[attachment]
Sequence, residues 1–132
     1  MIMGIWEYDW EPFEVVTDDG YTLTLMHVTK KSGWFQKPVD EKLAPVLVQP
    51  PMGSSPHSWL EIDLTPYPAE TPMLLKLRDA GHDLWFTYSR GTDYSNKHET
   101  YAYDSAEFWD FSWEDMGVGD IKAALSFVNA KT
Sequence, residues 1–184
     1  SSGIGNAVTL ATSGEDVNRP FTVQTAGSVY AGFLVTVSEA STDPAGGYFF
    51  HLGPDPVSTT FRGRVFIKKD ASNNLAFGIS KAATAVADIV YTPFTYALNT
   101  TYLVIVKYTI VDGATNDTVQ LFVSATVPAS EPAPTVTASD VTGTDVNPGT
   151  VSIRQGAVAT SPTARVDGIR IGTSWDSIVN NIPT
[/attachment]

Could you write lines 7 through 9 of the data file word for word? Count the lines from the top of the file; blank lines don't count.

    51  HLGPDPVSTT FRGRVFIKKD ASNNLAFGIS KAATAVADIV YTPFTYALNT
   101  TYLVIVKYTI VDGATNDTVQ LFVSATVPAS EPAPTVTASD VTGTDVNPGT
   151  VSIRQGAVAT SPTARVDGIR IGTSWDSIVN NIPT